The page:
The Trick to Setting Yourself Apart: Adaptability

For one company, winning new customers meant customizing its product to suit each one's individual needs

Written by John Lorinc

Every parent whose children have entered elementary school in recent years knows the routine: teachers and school administrators repeatedly send home notices sternly instructing caregivers to provide nut-free lunches. No PB&J sandwiches, no Reese’s Pieces, no granola or cereal bars.

Such edicts, meant to protect children with potentially fatal allergies, have forced parents to search the supermarket aisles—often in vain—for snacks guaranteed not to contain nuts or even nut residue.

Montreal’s YourBarFactory, a private label snack bar producer that had been rescued from bankruptcy in 2001, knew an opportunity when it saw one.  In 2005, the company, which makes a variety of Rice Krispy treats and cereal bars for giant food packagers such as Kelloggs and Unilever, switched to a nut/peanut free manufacturing process. A few years later, the YourBarFactory implemented kosher food preparation techniques and received formal certification in 2009. “We’re adding credibility to our business,” says Erik Leblanc, partner and director of business development. “It sets us apart from all the other companies” in the snack bar segment.

Thanks to establishing their market niche and building on it, the firm’s export business has boomed in the past five years, jumping from $261,000 in 2007 to more than $4 million in 2012. (YourBarFactory’s 2012 revenues of $8.3 million placed it at 264th place on the PROFIT 500.)

Customize your product

The company’s move to adopt kosher food handling certification opened an important door in the export world: YourBarFactory, says Leblanc, made significant inroads in Israel, where a Unilever subsidiary had been searching for a supplier that could meet local religious requirements.

Rejigging its manufacturing and procurement processes to meet these additional ingredient requirements allowed YourBarFactory to establish a reputation as having the capacity to tailor a commodity item to meet local needs and requirements.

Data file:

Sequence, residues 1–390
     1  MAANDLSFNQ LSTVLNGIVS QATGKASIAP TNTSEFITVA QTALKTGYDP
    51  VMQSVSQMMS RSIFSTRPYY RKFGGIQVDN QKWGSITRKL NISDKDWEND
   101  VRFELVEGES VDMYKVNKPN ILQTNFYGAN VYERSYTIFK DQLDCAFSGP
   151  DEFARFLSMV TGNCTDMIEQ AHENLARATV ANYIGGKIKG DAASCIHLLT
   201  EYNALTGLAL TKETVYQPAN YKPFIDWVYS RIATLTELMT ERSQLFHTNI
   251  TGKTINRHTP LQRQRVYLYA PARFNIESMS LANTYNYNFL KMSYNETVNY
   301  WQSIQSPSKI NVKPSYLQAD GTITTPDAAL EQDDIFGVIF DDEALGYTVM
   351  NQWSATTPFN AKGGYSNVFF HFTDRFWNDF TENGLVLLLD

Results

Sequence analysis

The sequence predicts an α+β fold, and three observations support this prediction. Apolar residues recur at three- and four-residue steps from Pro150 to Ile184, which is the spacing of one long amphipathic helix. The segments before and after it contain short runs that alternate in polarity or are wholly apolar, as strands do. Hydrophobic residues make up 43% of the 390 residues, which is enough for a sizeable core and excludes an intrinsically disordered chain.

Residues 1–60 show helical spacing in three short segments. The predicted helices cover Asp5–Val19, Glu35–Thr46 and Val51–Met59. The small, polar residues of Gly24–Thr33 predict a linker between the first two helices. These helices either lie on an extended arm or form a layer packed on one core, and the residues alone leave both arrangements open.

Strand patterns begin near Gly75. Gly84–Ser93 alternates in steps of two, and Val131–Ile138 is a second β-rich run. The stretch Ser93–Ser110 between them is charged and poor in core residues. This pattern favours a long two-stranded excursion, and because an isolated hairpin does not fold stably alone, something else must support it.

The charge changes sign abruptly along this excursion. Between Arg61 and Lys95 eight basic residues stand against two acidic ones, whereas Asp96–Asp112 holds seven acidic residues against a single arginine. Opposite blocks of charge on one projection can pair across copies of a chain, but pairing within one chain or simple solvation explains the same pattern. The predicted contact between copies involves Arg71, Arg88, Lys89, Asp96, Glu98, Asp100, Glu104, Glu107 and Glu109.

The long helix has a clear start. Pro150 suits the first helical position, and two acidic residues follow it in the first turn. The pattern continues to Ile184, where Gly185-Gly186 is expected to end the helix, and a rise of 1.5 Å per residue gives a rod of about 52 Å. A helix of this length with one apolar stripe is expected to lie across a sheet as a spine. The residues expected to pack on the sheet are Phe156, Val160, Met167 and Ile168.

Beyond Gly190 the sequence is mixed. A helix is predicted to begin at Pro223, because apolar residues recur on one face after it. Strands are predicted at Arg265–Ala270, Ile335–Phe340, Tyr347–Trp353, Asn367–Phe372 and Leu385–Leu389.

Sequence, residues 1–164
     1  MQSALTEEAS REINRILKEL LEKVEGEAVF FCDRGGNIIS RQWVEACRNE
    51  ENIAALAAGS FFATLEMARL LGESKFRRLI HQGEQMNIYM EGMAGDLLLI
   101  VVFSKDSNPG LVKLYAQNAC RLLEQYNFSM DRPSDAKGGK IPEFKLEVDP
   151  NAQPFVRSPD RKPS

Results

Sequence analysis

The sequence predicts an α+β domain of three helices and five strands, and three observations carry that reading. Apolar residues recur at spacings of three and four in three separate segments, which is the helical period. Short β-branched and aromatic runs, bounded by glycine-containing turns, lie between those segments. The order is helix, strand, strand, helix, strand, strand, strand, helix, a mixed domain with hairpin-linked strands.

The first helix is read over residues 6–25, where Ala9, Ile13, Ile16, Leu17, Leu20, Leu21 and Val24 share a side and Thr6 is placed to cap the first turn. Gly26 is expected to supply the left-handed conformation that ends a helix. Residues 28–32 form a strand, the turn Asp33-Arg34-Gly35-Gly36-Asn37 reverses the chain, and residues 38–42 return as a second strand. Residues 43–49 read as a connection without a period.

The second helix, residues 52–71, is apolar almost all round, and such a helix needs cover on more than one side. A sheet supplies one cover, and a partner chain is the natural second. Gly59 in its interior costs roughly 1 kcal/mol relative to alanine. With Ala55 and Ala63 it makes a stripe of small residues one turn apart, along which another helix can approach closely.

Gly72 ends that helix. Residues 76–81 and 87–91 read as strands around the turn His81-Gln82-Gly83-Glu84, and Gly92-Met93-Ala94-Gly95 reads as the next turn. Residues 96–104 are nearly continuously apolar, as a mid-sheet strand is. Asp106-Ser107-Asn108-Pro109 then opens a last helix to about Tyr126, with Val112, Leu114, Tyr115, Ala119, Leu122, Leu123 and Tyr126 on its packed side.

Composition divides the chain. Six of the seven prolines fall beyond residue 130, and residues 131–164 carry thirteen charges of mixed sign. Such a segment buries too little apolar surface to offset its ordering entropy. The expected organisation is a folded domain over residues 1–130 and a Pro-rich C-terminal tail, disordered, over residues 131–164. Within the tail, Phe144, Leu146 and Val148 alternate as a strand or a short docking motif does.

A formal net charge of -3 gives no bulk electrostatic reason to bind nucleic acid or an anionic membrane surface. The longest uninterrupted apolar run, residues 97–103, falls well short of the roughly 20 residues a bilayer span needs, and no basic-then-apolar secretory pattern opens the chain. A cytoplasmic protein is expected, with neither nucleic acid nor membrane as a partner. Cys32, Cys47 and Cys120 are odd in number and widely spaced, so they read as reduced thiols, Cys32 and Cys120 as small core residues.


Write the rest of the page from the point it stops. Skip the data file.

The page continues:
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Often, national food regulators determine such requirements. Leblanc cites the example of Australia, where YourBarFactory has built a presence. According to Australia’s ingredient rules, Rice Krispy treats that come coated with coloured chocolate sprinkles may not include red ones. Australia has banned the red dye used for health reasons.

To get the business, Leblanc says, YourBarFactory had to hustle to find a sprinkle producer that didn’t rely on the commonly used dye. “We have a number of key suppliers that offer a wide spectrum of the products we need,” says Leblanc, “or we can source abroad if we can’t find it at home.”

The company has further strengthened its niche positioning by creating an R&D department that will not only develop new recipes to pitch to customers, but also “co-create” new bars in partnership with international clients. In recent years, YourBarFactory has developed even more specialized recipes that are gluten free or rely only on organic ingredients.

Leblanc says the firm’s willingness to work with a client to customize a mass market item has created an attractive point of differentiation. “I don’t think a lot of companies can do that.”

Looking ahead, Leblanc says YourBarFactory intends to expand exports of cereal, high fibre and meal replacement bars, all of which tend to be more profitable than Rice Krispy bars. For those categories, he adds, the target market is the U.S., where the concern over childhood obesity is top of mind.

“Our managers are in the process of retrofitting the company’s manufacturing facilities to produce larger quantities of the new product lines,” says Leblanc. “We’re positioning ourselves to be more and more competitive in that segment.”

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